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Ticket Barrier Lane System

Speed up the throughput of passengers coming through ticket barriers
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For many tube/subway travellers, getting through the ticket barriers before leaving the station can be a real pain. The main problem is the long time it can take to get through the barriers because unlike regular travellers, tourists and the elderly find it difficult to operate the barriers and thus cause a large delay for all those behind them in the queue.

This idea seeks to rectify this problem and speedup the overall throughput of passengers through the ticket barriers at busy (rush hour) times.

Quite simply, there will be a new lane system. Each lane will cater for passengers of varying ticket barrier operating finesse. For those that use the tube/subway system every day, they join the 2 second lane. Those that use it less frequently join the 4 second lane. If you travel infrequently or are new to the system (such as a tourist) you would join the 8 second lane. The elderly and those with a nervous disposition would join the 20 second lane.

For each lane, you have X seconds in which to insert your ticket into the ticket slot and pass through the barrier, where X is either 2, 4, 8 or 20, depending on the lane you are in. If you fail to pass through the barrier within the time limit, a trap door opens below you revealing a chute that drops you down onto a conveyor belt. The conveyor belt leads to the start of the next (slower) lane along until the 20 second lane where the conveyor belt simply takes you to the back of the queue. The advantage in all of this is a speedier and happier exit from the station! This system would eradicate the huffing and puffing of regular travellers as they wait 20 seconds for their less-frequently travelling colleagues to pass through the barrier.

ccaamgw, Jul 12 2000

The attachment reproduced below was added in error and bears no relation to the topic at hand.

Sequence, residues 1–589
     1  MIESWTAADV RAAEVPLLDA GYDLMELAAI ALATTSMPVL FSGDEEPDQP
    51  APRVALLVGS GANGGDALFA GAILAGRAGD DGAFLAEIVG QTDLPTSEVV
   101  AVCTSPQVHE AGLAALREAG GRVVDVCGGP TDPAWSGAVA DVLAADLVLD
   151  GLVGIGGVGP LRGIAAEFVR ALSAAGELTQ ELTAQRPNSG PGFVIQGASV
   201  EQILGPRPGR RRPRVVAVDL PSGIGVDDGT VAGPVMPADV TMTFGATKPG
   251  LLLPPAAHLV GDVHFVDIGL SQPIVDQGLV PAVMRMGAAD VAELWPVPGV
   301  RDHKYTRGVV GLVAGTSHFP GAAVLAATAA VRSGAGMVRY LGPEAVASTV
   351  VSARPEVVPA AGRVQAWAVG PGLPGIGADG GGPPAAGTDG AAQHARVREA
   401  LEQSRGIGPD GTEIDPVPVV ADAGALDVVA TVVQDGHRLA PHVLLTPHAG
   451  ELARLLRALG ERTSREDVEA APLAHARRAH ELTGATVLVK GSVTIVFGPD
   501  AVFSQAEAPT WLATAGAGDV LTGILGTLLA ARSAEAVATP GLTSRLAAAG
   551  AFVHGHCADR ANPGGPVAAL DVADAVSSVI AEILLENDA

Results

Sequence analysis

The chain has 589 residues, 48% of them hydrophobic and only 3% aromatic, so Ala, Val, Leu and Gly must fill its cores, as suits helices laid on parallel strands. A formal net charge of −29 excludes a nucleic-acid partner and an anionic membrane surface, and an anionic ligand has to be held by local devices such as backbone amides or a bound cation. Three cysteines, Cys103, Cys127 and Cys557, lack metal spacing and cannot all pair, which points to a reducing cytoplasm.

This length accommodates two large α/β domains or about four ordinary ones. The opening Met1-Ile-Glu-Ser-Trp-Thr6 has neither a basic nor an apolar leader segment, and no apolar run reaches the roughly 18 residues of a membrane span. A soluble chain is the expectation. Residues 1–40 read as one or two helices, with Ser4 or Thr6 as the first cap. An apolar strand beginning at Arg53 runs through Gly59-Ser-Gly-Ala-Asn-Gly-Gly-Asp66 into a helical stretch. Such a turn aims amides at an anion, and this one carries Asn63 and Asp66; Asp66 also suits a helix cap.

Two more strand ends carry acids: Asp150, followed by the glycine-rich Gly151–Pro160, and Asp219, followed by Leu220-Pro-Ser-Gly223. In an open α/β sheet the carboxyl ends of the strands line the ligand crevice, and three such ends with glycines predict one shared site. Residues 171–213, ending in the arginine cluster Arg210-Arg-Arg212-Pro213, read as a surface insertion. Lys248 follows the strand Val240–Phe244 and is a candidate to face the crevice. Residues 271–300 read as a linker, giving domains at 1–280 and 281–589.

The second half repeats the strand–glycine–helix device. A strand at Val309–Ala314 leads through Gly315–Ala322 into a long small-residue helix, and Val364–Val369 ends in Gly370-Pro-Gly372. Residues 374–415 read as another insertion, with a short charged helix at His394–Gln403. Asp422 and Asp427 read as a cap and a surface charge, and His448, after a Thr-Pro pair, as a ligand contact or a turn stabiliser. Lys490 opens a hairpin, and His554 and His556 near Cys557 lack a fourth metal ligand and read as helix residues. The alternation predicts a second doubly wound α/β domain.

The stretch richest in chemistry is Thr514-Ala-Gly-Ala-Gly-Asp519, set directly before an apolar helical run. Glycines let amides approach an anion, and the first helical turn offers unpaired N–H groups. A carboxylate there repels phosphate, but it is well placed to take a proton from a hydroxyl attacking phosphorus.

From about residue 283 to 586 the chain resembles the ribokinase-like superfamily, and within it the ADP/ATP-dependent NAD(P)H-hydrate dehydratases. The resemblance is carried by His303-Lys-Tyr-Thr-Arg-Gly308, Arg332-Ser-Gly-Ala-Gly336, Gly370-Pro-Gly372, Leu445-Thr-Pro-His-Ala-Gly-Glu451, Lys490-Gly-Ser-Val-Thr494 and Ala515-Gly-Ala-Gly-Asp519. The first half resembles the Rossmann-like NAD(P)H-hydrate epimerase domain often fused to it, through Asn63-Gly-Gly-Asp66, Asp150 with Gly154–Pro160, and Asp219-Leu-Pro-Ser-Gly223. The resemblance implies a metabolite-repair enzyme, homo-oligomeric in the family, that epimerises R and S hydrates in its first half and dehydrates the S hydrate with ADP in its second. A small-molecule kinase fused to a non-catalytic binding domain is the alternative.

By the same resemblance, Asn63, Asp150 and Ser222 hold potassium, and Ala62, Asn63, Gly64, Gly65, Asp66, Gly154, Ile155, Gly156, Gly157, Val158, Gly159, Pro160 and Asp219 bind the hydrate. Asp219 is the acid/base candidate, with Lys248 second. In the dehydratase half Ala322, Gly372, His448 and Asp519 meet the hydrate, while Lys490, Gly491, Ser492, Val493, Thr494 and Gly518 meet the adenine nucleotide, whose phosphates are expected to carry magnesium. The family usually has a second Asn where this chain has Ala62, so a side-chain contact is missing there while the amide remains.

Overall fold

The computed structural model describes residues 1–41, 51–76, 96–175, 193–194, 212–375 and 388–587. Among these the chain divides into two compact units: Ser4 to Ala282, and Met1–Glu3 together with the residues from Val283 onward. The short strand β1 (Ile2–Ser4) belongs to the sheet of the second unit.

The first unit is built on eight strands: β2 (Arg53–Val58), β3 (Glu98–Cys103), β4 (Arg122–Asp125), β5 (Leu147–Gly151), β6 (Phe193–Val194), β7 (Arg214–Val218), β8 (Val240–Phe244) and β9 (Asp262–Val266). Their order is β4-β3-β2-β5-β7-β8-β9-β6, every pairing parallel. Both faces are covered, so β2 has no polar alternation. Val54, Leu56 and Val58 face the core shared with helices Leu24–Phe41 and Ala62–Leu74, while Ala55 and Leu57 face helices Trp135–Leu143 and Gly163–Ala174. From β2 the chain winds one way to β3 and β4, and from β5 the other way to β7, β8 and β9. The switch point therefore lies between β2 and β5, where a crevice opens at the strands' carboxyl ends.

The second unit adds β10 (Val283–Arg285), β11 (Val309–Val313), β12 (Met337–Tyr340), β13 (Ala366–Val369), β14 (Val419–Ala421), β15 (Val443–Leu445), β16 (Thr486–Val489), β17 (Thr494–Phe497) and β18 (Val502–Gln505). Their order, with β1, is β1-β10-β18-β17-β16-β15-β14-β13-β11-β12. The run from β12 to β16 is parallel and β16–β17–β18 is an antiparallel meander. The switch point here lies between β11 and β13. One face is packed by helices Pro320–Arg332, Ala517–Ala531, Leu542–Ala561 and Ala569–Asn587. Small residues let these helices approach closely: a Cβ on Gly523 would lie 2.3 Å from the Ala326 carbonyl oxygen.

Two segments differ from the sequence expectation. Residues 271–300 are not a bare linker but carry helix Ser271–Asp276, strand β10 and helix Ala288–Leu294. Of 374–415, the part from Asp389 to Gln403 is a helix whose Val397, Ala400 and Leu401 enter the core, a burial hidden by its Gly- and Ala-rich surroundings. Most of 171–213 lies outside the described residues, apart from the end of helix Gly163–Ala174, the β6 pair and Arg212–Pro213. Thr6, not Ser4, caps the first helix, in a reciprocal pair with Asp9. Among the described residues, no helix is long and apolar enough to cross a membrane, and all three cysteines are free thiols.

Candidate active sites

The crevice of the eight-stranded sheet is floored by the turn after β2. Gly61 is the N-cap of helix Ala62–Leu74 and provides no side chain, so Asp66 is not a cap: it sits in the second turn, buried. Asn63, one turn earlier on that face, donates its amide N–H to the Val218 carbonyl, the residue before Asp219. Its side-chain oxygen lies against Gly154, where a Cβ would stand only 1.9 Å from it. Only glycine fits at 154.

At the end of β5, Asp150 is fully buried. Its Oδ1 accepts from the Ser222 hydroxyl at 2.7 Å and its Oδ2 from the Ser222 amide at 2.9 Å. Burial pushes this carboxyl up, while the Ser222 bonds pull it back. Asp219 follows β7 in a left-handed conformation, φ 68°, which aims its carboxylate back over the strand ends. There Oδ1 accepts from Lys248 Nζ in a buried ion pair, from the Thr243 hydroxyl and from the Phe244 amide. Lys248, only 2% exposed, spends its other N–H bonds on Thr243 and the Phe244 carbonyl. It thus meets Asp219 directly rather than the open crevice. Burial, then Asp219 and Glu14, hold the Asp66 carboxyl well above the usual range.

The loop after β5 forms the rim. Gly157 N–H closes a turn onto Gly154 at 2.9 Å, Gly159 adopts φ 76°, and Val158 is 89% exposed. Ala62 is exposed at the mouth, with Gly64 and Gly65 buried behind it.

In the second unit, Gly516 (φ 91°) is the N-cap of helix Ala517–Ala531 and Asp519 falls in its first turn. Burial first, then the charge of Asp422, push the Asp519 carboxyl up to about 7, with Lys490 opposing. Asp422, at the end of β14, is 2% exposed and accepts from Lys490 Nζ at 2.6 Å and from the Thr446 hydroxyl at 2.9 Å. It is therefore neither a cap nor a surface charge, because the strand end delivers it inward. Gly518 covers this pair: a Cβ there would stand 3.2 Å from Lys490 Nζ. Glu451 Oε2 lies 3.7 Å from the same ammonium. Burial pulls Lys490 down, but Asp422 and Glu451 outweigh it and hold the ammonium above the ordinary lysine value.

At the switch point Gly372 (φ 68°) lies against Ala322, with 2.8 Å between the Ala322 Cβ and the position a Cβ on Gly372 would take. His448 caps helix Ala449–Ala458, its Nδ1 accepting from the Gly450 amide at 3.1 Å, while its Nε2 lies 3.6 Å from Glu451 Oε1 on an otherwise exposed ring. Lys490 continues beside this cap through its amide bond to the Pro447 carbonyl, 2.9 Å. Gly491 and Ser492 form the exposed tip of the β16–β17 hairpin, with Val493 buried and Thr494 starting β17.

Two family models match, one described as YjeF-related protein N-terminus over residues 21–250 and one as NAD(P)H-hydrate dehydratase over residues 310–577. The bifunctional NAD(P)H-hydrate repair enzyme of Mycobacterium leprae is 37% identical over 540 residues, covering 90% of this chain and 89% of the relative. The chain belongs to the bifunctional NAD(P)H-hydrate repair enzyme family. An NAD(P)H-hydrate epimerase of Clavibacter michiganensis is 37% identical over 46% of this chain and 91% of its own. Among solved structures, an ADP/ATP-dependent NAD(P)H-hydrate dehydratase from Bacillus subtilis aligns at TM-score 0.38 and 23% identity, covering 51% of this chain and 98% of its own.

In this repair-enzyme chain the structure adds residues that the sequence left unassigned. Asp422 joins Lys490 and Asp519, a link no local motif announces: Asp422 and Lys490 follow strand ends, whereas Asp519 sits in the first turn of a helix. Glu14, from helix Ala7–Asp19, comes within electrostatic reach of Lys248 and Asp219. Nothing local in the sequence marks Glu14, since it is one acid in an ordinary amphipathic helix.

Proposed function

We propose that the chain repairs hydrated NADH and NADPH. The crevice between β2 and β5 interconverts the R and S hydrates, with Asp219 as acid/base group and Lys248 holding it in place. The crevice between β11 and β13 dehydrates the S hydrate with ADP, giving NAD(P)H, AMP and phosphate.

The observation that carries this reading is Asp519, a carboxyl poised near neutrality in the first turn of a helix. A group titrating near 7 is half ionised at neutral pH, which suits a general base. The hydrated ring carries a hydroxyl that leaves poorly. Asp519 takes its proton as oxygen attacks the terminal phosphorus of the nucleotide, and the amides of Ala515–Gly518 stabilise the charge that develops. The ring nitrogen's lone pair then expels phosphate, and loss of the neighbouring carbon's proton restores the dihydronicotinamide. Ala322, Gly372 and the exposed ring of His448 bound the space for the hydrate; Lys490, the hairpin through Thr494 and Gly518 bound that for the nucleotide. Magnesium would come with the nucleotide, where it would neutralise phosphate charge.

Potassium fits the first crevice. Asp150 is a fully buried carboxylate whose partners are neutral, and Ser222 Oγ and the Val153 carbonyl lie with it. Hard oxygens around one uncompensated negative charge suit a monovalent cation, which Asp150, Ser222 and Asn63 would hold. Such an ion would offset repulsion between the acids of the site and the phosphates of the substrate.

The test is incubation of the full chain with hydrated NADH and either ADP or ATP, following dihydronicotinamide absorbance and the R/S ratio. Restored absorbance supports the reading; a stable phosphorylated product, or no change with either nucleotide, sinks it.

queueing http://www.halfbakery.com/idea/queueing
The queueing problem in general... [egnor, Jul 12 2000, last modified Oct 04 2004]

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       "You took 20 seconds of my life away and I want it back! ... oh, I'd probably just waste it anyway."
centauri, Jul 12 2000
  

       Why not do something similar to what occurs at some tollbooths... carry some sort of device that has your ID or a certain amount of money in it, and simply pass through a gate that reads from the device and makes the appropriate transaction. I imagine such devices could be made small enough to fit in one's wallet or something.   

       If the device were cheap enough, everyone could use it. Otherwise the frequent users could use the "express" gates, while retaining the regular faregates for the infrequent passengers without the device.   

       This systems would make it easy for the fares to change based on time of day, or for discounts based on volume (ride 10 times, get one ride free, for example)
billh, Jul 17 2000
  

       I never know just how seriously the contributors take their own ideas or whether I am supposed to offer something fantastical to match. I recollect the Robert Heinlin varying speed walkways. Weren't they quite tricky especially when sabotage was afoot or if you missed your exit and tried to go back.   

       On the question of the rush hour ticket barriers, the best are those manned by humans of strong character. They only fail when some overbearing Thatcherite so reduces pay and removes status/strength that the system fails through lack of qualified personnel. Remember that Mrs Thatcher tied to cover her total ignorance with that impressive single mindedness and "We'll sort them out!" gungho that all but shut Britain down.   

       Two or three tiicket collectors of pleasant but firm disposition can unload and load a train far more efficiently than any automatic barrier system.   

       Similarly, for mass and rapid transport, despite Eric Laithewaite's linear motors now being developed by the Japanese, there is and always will be nothing more effective than two parallel metal rails with connected pairs of metal wheels running on them to provide affordable transit. Virtually all of the "monorail" systems actually require many more than two rails for guidance and many more than the simple pairs of wheels.   

       I believe it is something to do with gravity, and its less ruley cousin - inertia - that is the deciding factor.
Kenneth Munn, Jan 25 2001
  

       The problem is delays for regular commuters, right? The problem is solved for cars and toll booths - EZPass in NY and FastLane in MA. Also solved in building security systems and the Mobil Speed-pass. Give speed-passes to frequent commuters together with a fast-lane that picks up your pass whereever you have it (in your pocket or wallet or handbag) and debits your account. No buying of tickets, no ticket exit lane congestion.
lee, Jan 25 2001
  
      
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